Student Spotlight: Misha Desai: Team Entrepreneur
Misha Desai (BSIE 2016) has explored the team aspect of entrepreneurship from the perspective of several different projects, including the Grand Challenges Living Learning Community (GC) and the Vertically Integrated Projects (VIP) program.
She came to Georgia Tech knowing that she wanted to be an engineer, having been on a FIRST Robotics team in high school. After looking into the Stewart School of Industrial & Systems Engineering (ISyE) and the curriculum it offered, she found that it provided the mix of business and engineering that interested her -- "even going beyond," she says, her expectations of what she would learn at ISyE.
She was able to put her IE skills into play as part of the GC, which promotes student-driven cross-disciplinary teams that investigate societally relevant technological and sociological problems. Together, students in teams attempt to solve the world's most "wicked challenges," as Desai puts it.
Desai's particular team developed HIVE (Health Integration Via Education), a program targeted toward fourth graders in Chattahoochee Elementary School in Duluth, Ga. “We looked at how technology and interactive lesson plans impacted how students responded and retained health information.” The students wore a clip-on pedometer that plugged into a computer and connected to a website called Zamzee. The students were awarded points for the steps they took.
“We linked that back to a curriculum, so we would go in every week and teach the students about health,” explains Desai. “What we saw was that the kids were really receptive to the program we were creating, so the fact that they could wear these pedometers and take them home – we saw their fitness levels exceed our control group’s by almost 60 percent. So it was a huge difference.”
As the program developed, Desai and her team discovered the possibility of turning the project into an entrepreneurial venture by creating their own startup company. She says, "We began connecting with the start-up community in Atlanta and resources around campus to understand what building our own company would require and to also build our own wearable prototypes."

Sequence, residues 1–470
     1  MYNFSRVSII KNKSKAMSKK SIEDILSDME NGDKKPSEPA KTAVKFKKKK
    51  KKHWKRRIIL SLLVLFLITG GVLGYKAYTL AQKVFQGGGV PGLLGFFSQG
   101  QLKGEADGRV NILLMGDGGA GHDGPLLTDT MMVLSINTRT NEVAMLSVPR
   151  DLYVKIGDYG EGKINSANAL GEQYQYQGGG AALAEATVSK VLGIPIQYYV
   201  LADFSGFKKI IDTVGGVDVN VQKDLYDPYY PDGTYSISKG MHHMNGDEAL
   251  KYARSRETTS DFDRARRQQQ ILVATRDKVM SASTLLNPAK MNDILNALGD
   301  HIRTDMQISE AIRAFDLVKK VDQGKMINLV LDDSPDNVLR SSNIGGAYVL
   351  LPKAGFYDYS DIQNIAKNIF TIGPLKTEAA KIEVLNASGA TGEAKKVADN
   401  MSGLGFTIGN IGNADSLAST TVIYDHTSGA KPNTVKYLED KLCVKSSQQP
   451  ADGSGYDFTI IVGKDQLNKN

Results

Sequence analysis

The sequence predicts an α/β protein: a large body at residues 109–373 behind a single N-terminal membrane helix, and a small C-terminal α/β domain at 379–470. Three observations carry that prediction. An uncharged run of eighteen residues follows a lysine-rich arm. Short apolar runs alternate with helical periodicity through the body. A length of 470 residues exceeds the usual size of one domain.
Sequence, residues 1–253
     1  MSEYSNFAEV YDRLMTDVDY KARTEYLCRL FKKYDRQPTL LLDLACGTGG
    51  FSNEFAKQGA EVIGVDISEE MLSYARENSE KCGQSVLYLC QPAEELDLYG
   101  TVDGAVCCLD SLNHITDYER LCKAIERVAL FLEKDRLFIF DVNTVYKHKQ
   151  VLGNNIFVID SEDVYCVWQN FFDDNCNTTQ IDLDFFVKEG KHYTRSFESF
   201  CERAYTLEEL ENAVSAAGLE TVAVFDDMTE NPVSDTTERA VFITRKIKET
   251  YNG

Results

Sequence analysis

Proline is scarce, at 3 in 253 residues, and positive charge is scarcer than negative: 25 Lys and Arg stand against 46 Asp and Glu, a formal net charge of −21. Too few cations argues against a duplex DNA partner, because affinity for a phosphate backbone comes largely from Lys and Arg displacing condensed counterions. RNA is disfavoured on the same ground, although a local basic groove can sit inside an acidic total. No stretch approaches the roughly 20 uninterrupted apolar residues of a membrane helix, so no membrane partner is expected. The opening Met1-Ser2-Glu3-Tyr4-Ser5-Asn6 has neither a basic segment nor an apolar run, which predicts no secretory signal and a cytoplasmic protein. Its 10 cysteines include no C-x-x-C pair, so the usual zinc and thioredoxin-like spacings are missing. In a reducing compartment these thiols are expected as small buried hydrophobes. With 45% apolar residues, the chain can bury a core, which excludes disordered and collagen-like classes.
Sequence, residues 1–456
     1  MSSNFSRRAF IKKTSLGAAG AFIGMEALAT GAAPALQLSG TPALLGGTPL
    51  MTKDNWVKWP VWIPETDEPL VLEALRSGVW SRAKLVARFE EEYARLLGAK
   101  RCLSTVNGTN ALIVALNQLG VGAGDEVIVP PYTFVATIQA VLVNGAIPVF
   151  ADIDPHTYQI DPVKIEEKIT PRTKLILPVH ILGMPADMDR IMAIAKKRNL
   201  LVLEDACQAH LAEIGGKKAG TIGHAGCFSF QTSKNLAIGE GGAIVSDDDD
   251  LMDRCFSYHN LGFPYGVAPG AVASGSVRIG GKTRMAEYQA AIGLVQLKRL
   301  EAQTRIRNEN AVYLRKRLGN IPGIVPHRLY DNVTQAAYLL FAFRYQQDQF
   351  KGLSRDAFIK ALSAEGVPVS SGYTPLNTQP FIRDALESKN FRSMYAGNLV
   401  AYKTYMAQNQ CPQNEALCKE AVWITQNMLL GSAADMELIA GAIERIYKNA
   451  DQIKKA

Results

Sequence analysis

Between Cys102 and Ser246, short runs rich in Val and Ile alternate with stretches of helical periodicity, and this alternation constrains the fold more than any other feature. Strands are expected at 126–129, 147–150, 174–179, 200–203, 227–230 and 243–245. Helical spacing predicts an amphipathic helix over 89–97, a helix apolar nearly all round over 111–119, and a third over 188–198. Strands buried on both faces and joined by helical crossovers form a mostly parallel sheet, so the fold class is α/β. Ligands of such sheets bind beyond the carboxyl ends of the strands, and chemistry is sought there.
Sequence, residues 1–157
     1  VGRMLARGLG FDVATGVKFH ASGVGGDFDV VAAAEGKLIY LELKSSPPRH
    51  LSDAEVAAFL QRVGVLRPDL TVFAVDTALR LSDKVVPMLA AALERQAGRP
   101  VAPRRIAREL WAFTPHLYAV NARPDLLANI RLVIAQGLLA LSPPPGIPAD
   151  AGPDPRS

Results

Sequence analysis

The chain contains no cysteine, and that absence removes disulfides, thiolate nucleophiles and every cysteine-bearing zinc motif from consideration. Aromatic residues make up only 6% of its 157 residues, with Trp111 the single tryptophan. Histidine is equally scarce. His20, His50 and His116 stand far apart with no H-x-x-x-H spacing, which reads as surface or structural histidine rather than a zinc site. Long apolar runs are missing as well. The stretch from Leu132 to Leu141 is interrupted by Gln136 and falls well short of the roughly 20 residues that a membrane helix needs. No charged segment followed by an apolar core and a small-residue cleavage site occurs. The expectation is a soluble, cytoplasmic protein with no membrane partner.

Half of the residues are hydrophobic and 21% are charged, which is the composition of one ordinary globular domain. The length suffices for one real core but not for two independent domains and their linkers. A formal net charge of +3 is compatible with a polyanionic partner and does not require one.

Desai’s specific role in the potential business was team CEO. As an IE, “we’re really good at strategy, critical thinking, and problem solving.” She was responsible for making sure each team in the business was on task and meeting the project deliverables.
Ultimately, due to technical challenges – as well as the fact that not everyone on the team was willing to drop out of school and work on the startup full-time – the GC team decided to put the project on hold. “We were really close,” Desai adds. “We were about to launch the business – we were looking through the paperwork and everything. [But] having the dedication to doing one thing is an important part of the process.”
In addition to the GC, Desai also participated in the VIP program, which offers credit to students for participating on research teams consisting of undergrads, graduate students, and professors. “Many of the teams also focus on building projects from an entrepreneurial perspective,” she says.
For three semesters, she was part of the patient similarity team. As Desai explains it, “This project focused on clustering patients into meaningful groups to provide targeted provider care and better use of hospital resources. As part of the program, we not only built our minimum viable product but also worked with external groups to gain feedback, write business cases, and present to industry experts on our project. Our faculty lead really pushed us to look at our projects from a business perspective and taught us the keys to really making the right pitch.”